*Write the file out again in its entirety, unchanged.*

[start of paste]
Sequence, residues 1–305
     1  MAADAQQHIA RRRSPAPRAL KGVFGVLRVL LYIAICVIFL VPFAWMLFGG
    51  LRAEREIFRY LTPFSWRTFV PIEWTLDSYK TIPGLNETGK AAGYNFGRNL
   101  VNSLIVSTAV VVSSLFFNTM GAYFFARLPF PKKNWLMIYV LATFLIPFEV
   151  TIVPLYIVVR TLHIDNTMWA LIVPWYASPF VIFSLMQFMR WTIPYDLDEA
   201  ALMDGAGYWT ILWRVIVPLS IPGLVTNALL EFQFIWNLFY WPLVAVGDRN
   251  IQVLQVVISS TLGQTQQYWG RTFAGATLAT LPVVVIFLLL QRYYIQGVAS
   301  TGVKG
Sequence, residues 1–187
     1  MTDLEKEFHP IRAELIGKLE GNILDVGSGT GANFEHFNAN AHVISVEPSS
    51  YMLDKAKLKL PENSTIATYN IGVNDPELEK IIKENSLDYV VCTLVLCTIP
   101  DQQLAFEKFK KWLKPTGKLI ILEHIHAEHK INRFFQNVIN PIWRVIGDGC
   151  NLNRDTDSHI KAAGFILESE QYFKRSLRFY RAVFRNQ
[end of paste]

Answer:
Sequence, residues 1–305
     1  MAADAQQHIA RRRSPAPRAL KGVFGVLRVL LYIAICVIFL VPFAWMLFGG
    51  LRAEREIFRY LTPFSWRTFV PIEWTLDSYK TIPGLNETGK AAGYNFGRNL
   101  VNSLIVSTAV VVSSLFFNTM GAYFFARLPF PKKNWLMIYV LATFLIPFEV
   151  TIVPLYIVVR TLHIDNTMWA LIVPWYASPF VIFSLMQFMR WTIPYDLDEA
   201  ALMDGAGYWT ILWRVIVPLS IPGLVTNALL EFQFIWNLFY WPLVAVGDRN
   251  IQVLQVVISS TLGQTQQYWG RTFAGATLAT LPVVVIFLLL QRYYIQGVAS
   301  TGVKG
Sequence, residues 1–187
     1  MTDLEKEFHP IRAELIGKLE GNILDVGSGT GANFEHFNAN AHVISVEPSS
    51  YMLDKAKLKL PENSTIATYN IGVNDPELEK IIKENSLDYV VCTLVLCTIP
   101  DQQLAFEKFK KWLKPTGKLI ILEHIHAEHK INRFFQNVIN PIWRVIGDGC
   151  NLNRDTDSHI KAAGFILESE QYFKRSLRFY RAVFRNQ